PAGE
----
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Start by scheduling a few Internet-free hours each day, with your phone turned off. It’s the only way you’ll be able to read anything seriously, whether it’s Plato or Derrida on Plato. (And remember, you’ll get more out of reading Derrida on Plato if you read Plato first.) This will also have the benefit of making you harder to reach, and thus more mysterious and fascinating to new friends and acquaintances.
When you leave your room for class, leave the laptop behind. In a lecture, you’ll only waste your time and your parents’ money, disrespect your professor and annoy whoever is trying to pay attention around you by spending the whole hour on Facebook.
You don’t need a computer to take notes — good note-taking is not transcribing. All that clack, clack, clacking ... you’re a student, not a court reporter. And in seminar or discussion sections, get used to being around a table with a dozen other humans, a few books and your ideas. After all, you have the rest of your life to hide behind a screen during meetings.
— CHRISTINE SMALLWOOD, Ph.D. student in English and American literature at Columbia
• • •
First-years are under an unbelievable pressure not only to succeed, but to excel in college. They walk into a university already feeling guilty that they don’t know what they want to major in, or what their career path is going to be. But be comfortable with the fact that you don’t know anything. Nobody does.
During my first week in art school, I sat in a dark lecture hall as a professor asked questions I couldn’t answer and showed slides I couldn’t identify. I felt as if I was the only one in the room who didn’t have a clue. So, when my drawing teacher invited several of us students to a potluck dinner at her house, I was still worried that I was out of my league. But in this casual setting, everyone opened up, and I was able to talk about art in the most relaxed and personal way.
As we returned to the dorms in the back of our now-favorite professor’s pickup truck, I remember looking up at the night sky and the trees whizzing by and thinking, “This is what college is supposed to feel like!” Relax and enjoy the ride.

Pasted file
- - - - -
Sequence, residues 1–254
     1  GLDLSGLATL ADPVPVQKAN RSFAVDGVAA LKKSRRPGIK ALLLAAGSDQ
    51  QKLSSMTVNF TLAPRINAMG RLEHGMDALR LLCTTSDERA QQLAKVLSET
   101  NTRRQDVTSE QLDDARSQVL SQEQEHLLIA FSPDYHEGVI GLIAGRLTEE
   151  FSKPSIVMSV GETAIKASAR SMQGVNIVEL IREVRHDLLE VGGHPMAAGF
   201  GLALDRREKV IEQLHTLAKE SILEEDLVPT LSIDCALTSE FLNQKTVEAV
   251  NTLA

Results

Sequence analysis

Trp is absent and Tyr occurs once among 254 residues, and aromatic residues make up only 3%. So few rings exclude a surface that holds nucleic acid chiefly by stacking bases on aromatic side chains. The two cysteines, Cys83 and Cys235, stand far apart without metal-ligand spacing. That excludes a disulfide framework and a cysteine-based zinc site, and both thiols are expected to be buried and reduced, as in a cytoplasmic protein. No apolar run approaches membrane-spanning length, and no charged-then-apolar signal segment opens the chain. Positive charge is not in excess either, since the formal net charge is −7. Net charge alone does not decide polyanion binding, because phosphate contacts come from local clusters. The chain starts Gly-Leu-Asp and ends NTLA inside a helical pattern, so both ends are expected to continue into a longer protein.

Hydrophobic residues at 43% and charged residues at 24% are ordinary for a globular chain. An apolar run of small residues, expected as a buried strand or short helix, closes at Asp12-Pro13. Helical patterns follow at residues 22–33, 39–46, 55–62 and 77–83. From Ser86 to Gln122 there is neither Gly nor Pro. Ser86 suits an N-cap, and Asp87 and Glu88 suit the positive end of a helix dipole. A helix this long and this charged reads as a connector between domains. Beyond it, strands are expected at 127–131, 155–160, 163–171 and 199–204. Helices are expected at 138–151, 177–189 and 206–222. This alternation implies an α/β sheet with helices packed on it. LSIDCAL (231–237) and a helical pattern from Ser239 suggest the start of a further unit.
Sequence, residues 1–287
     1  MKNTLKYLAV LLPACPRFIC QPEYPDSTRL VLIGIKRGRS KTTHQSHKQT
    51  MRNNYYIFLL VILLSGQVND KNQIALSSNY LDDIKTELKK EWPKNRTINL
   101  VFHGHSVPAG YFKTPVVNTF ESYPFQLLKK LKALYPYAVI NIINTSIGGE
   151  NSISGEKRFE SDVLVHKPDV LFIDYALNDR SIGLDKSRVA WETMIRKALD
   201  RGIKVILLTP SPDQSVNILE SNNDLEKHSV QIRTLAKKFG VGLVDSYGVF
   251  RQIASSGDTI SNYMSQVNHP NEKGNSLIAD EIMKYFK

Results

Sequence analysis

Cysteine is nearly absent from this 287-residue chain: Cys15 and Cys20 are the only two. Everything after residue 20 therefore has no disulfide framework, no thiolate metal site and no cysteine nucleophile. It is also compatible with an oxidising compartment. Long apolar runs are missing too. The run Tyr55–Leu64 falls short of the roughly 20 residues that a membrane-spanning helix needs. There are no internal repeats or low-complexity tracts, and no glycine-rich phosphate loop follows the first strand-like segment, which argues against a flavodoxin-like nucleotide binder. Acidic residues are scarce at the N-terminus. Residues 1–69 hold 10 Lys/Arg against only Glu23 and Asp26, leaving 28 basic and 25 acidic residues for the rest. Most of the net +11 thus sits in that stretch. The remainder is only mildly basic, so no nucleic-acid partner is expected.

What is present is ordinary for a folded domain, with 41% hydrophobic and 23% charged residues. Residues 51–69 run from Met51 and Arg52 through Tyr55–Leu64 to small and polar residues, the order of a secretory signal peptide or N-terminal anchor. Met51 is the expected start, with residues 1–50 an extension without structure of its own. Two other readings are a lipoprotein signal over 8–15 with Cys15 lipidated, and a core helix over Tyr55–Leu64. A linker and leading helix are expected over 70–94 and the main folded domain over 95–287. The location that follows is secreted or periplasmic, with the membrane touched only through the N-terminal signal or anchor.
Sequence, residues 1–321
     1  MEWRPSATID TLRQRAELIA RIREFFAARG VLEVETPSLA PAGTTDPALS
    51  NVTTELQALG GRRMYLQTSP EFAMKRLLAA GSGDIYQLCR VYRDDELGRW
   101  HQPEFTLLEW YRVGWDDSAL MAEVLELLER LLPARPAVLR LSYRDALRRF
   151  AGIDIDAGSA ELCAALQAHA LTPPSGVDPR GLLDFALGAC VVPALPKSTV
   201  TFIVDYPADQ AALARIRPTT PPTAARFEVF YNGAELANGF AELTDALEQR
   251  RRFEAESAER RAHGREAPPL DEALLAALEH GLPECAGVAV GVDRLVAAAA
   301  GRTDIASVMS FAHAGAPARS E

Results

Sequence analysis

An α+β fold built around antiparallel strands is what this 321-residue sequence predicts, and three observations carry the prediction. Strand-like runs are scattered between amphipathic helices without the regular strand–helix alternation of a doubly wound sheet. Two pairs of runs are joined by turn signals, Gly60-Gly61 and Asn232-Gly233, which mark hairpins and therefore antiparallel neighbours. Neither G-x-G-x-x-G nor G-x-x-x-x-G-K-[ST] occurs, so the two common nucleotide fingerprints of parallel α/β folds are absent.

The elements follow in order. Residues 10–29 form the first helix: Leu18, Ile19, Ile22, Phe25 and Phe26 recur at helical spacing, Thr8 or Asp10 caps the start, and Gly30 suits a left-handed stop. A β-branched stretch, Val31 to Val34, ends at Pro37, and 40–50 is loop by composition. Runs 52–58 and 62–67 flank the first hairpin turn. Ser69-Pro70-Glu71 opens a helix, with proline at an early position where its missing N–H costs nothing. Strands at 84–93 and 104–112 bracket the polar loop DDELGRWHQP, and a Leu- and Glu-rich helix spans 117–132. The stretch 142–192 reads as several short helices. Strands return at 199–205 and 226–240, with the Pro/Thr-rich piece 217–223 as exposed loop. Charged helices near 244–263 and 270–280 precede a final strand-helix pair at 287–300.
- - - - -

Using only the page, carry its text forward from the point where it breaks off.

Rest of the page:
— EVAN LaLONDE, student in the M.F.A. program in contemporary art practice at Portland State University
• • •
During the first few months of college, everyone wants to make friends. But no one knows how to do it, so everyone is really friendly all the time. You are likely to find yourself feigning interest in and enthusiasm for a lot of things to ingratiate yourself with your peers. “You’re a semiprofessional mime? So cool. Where are you going out tonight?”
Eventually, mercifully, it all shakes out. Parties, activities, dorms and classes help you find people you actually like to talk to. That is, unless you’re in your room every night, on the phone with your high school sweetheart, who’s back home or at another school. Or worse, you’re leaving school every other weekend to visit your significant other. Break up.
You should break up soon because you are likely to break up over Thanksgiving, anyway. You’ll give it an earnest try, but you’ll start to resent each other for forming new attachments, for not really “getting” what it’s like at your respective schools, for being the reason you’re both missing out on important experiences, like the hectic social sorting that’s happening right now. Worse, other people will punish you for missing out: “Oh, yeah, the joke is kind of hard to explain. See, it started that weekend you were out of town.”
Going to the same college as your significant high school other will not necessarily solve the problem. This is what happened to me. My boyfriend didn’t like my new “scene”; I panicked because I felt that we were spending too much time — then too little time — together. We limped through the first two months of the first semester before we called it quits.
The college year went by, bringing a lot of new people and priorities into our separate lives. The following fall, we realized that all our growing pains had not diminished what was a very precious connection. We ended up getting back together and staying together through the rest of college. But we had to break up first.
— REBECCA ELLIOTT, Ph.D. student in the sociology department at the University of California, Berkeley
Source: The New York Times